This commonplace plea to the divine could, until fairly recently, be taken literally.
Then we heard rumbles that bread was not good for some people, and for others it could be near lethal.
With growing frequency I ran into folks who said they were allergic to gluten, or gluten sensitive, not to mention those affected with Celiac disease, nowadays a documented condition which only a couple of decades ago had doctors scratching their heads. Celiac disease is an auto-immune reaction which damages the small intestine leading to serious complications. For a long time I silently dismissed my friends’ claims as just another food fad while indulging them with gluten-free creations. Accustomed to catering to vegetarians, vegans, those allergic to nightshade vegetables, the gluten free regimen did not faze me. Buckwheat, corn, quinoa, and amaranth to name a few, provide ample opportunity for inventive cooking.
Chelsea Clinton’s much publicized gluten free wedding cake was not yet the turning point for me, but rather the declaration by my Ayurvedic doctor that I should avoid wheat products in the evening. Wait a minute. “Am I gluten sensitive?” I asked. I found a 6-day gluten summit on the web and discovered it is now estimated that one in 130 people are affected with Celiac disease and that 20 million are gluten sensitive – a significant subset of humanity!
It appears that everyone is gluten intolerant to some degree and that the human body is simply not designed to digest it. How could this have developed? Growing up I never heard of such things. Something must have happened to bread. Wheat is a relative newcomer on the food chain. It appeared in pre-biblical times when our ancestors moved from being hunters and gatherers to settle into a sedentary life to start growing things. Then they figured out bread making – we all know about the Biblical loaves.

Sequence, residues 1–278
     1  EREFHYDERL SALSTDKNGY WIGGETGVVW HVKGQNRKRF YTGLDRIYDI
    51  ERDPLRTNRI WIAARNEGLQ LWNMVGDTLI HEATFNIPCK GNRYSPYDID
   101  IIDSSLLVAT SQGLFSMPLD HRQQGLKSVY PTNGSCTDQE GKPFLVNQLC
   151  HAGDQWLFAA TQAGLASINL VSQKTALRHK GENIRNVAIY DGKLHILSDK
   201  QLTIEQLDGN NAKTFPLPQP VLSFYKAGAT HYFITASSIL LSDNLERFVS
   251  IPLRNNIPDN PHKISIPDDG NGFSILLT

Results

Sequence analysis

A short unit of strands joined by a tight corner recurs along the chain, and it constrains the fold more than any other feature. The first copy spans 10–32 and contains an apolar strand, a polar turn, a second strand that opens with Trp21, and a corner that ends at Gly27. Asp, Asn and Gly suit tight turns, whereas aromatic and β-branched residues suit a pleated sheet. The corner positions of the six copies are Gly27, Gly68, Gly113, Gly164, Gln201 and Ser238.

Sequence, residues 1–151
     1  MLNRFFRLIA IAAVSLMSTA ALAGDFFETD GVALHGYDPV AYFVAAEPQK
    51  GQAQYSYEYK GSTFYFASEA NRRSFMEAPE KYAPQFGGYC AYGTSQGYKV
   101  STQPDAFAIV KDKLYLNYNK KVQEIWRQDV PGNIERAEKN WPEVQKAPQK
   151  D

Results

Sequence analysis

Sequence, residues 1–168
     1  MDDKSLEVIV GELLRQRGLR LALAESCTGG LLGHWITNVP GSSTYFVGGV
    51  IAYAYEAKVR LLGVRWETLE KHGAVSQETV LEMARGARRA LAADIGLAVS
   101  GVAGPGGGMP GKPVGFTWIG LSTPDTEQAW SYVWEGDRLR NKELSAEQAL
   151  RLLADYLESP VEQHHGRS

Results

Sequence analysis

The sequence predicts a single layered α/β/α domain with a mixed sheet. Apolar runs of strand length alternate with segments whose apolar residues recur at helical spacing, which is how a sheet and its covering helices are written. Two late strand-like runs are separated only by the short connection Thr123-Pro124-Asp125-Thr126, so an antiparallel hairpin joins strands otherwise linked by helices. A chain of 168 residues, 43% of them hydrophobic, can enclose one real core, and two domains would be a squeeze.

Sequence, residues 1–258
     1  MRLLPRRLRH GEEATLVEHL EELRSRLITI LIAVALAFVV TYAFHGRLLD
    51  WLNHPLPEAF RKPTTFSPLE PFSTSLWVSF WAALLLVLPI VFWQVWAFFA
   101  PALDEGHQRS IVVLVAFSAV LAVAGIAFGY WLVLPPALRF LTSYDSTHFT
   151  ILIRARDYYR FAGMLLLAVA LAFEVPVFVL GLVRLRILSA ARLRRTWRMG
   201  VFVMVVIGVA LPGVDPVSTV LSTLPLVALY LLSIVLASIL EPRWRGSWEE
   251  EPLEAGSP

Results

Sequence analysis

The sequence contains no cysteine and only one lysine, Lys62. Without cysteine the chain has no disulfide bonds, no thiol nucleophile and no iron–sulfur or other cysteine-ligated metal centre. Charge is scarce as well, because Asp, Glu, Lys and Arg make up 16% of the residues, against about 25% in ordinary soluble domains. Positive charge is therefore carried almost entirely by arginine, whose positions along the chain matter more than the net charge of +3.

Today’s wheat has evolved into something which, through hybridization and processing, has little in common with the grain of our ancestors. Remember Wonder Bread, the one that promised to make you grow 12 ways and a slice of which, when run under a faucet would dissolve almost instantly? Gluten, I read, has no nutritional value. Genetic manipulation and processing have rendered gluten products the nemesis of many a diet.
It would be easy to assume that because something is gluten free it is magically good for you. Unfortunately we need to worry about salt, lactose, fructose – all natural, mind you. Don’t forget the thousands of chemicals.
It’s not much of a stretch before you stumble into the now much in vogue Paleo or caveman diet. Never mind any grain and forget about carbs. Eat meat, fish, veggies, fruit and nuts to get more energy, thinner thighs and no belly. Leaving you to ponder how their claims square with Cro Magnon’s longevity of 25-30 years.
I am off to Trader Joe’s for some hunting and gathering of some of the myriad everything-free products now being offered.